Swellings and Seals: On the Origins of Bill

Well, here it is. Bill. Like it or not, we all have them, we all think about paying them.

I, of course, am no exception. Several kind people have asked me recently why I have been producing fewer articles for this blog. The main reason is that I do not receive an income from here, and I have bills to pay. Much as I would like to spend my time writing more and more articles, I have to do other work that actually pays. If you would like to help enable me to produce more articles here, please support my books; fiction and non-fiction.

Now, onto the matter of the etymology of bill.

If you look in the dictionary, you will find several definitions for the word ‘bill’. It could be a bill in parliament; a duck’s bill; a bill to be paid; a slang term for the police, as well as other usages.

Here we are not looking at the duck’s bill, which has another origin, but rather at bill in the other senses, which are all related.

The meaning ‘list’ is the one that has developed to give rise to the others. If you think about a parliamentary bill, it tends to be written out as a list of points; and the same goes for a bill to be paid. So it is not hard to see how the meaning tranferred.

In this spirit, our first example is from the Rolls of Parliament from 1444, where we find the observation:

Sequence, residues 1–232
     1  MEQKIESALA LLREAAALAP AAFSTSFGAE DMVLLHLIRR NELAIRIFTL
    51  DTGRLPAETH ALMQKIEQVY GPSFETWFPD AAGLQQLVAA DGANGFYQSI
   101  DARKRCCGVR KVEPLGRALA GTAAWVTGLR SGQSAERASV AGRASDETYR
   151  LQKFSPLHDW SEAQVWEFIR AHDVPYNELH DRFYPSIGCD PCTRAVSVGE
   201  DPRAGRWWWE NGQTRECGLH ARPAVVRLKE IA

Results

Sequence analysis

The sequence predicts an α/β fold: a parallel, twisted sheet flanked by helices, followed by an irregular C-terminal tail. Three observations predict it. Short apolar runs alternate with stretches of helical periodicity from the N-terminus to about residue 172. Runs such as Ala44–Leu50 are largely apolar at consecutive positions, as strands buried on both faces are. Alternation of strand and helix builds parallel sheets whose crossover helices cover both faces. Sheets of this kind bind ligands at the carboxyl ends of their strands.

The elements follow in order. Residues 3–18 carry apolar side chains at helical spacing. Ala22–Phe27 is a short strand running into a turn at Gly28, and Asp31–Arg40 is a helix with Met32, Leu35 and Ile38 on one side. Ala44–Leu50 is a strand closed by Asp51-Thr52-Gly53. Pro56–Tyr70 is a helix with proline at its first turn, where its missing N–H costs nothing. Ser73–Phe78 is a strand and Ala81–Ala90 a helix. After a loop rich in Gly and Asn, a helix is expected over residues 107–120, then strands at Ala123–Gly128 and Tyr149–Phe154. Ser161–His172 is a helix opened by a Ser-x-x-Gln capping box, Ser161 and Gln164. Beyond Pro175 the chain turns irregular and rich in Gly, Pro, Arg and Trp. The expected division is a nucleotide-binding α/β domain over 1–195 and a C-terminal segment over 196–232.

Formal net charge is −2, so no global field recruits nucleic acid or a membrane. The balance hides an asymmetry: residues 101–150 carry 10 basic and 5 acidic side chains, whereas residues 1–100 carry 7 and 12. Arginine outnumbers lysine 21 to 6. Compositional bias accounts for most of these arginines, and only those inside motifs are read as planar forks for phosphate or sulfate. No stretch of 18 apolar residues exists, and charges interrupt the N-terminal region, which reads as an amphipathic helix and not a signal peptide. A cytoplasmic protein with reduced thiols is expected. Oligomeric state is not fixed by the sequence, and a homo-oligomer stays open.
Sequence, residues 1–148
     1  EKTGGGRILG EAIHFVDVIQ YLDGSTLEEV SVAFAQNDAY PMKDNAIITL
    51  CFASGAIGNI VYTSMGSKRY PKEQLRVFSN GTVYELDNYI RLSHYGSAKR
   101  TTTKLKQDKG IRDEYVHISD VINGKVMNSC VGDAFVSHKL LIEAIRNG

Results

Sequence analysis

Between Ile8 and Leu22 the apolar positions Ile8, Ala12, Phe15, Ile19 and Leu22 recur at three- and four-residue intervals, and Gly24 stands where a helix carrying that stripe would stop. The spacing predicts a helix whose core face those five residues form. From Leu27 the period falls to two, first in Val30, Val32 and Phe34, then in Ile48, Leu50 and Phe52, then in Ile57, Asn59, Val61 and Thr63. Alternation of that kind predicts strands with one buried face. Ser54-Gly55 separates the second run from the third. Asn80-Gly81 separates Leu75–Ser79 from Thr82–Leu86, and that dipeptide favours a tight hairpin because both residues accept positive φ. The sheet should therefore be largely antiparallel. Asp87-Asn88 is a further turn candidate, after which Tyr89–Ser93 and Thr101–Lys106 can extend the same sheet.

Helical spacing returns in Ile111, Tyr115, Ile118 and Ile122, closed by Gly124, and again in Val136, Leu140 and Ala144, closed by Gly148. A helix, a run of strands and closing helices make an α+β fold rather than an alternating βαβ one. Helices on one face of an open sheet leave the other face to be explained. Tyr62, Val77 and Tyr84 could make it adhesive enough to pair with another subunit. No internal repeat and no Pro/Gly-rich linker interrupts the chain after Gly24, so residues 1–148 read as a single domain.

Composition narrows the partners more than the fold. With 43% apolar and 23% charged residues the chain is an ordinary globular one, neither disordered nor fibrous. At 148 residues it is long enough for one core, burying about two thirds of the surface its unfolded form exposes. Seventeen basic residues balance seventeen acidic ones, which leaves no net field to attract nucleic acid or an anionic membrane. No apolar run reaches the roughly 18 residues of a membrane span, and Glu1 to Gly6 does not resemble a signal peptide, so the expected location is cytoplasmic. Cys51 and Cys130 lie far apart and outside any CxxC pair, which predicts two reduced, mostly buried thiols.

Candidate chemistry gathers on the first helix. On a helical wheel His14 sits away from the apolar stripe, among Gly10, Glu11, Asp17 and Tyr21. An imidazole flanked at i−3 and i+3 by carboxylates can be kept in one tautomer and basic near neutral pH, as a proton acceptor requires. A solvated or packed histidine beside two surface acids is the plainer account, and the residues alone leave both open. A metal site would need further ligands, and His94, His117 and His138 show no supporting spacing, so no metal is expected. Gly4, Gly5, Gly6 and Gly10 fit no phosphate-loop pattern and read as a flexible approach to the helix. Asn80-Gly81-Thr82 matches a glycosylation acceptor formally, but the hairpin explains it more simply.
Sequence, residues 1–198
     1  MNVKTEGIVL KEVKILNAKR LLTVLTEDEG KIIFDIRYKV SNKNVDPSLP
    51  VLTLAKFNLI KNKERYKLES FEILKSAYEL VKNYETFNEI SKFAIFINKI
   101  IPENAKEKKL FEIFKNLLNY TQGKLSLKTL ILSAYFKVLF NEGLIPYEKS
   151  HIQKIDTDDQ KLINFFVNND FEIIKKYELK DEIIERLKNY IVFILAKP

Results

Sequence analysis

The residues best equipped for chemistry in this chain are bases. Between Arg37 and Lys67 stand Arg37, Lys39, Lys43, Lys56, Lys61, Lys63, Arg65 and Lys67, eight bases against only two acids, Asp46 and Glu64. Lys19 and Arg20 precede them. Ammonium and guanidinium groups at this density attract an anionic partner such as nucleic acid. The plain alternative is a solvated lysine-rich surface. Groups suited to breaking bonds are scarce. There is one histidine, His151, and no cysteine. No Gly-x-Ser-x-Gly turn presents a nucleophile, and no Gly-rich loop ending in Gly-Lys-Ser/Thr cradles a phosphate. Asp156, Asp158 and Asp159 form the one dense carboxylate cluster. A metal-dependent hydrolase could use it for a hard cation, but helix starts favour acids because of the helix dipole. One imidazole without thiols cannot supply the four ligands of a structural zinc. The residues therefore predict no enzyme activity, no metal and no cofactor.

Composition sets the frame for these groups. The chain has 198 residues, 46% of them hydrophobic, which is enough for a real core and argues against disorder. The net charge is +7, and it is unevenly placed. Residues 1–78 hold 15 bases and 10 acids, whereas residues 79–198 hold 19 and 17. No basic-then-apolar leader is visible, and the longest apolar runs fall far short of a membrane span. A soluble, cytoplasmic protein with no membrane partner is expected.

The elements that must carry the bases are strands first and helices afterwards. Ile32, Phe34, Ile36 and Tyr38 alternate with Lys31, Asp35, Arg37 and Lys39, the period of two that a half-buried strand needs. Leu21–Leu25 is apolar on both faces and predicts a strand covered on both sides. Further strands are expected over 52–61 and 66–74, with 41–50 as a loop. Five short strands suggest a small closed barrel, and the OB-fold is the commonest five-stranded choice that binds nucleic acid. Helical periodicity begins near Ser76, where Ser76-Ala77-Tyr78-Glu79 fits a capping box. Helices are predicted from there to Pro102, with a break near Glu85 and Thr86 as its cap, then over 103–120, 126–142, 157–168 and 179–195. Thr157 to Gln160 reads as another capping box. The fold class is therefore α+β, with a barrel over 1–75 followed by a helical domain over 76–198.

They will delyver no Billes to the Merchauntz

I scarcely need to include a translation into Modern English, and indeed I have no intention of doing so! But what does bill mean here? Is it a list or a statement of payment? The answer is it could be either. A list of goods for the merchants, that would then be priced as a statement of how much to pay.

Compare this with a quote in Chaucer’s Merchant’s Tale Prologue from 1395, continuing the theme with a merchant.

His bille,

in which that he ywriten hadde his wille.

(His formal document,

In which he had written his will)

The modern translation sounds a bit less poetic, and probably with a bit of effort that could be changed. But notice the meaning here. Bill is used to mean ‘formal document’. It is not because this is the starting point of the word; even at that time, it was already used with several meanings. See this reference from around the same time – in this case 1404 – from the Testamenta Eboracensia (Wills registered at York).

Ye shall fynde a bille closed wyth ynne this of alle the trewe dettes that ben aught to me.

(You shall find enclosed a list of all the debts owed to me.)

Here, the meaning is ‘list’. So we can see that the meanings were concurrent. But what of the source of bill before that time? It came via Anglo-French bille, itself probably an adaptation of anglicised Latin billa, meaning ‘list’. This form was derived from Medieval Latin bulla, which meant ‘decree, sealed document’.

I personally like the next step in our linguistic path. Classical Latin used bulla somewhat differently. It meant ’round swelling’ – and by extension bubble, a stud on a door and a type of Etruscan amulet worn around the neck. The word was probably used for the second two as they were round and perhaps stuck out like something swollen. So how on earth did this come to mean ‘list, official document’?

The answer lies with the amulet. A seal was a round thing often worn as a piece of jewellery and it didn’t take long for bulla to move from ‘Etruscan amulet’ to ‘large round official piece of jewellery’ to ‘seal’. And from the seal to the document that it was used to seal. And from there? Well, what are official documents if not lists of one kind or another?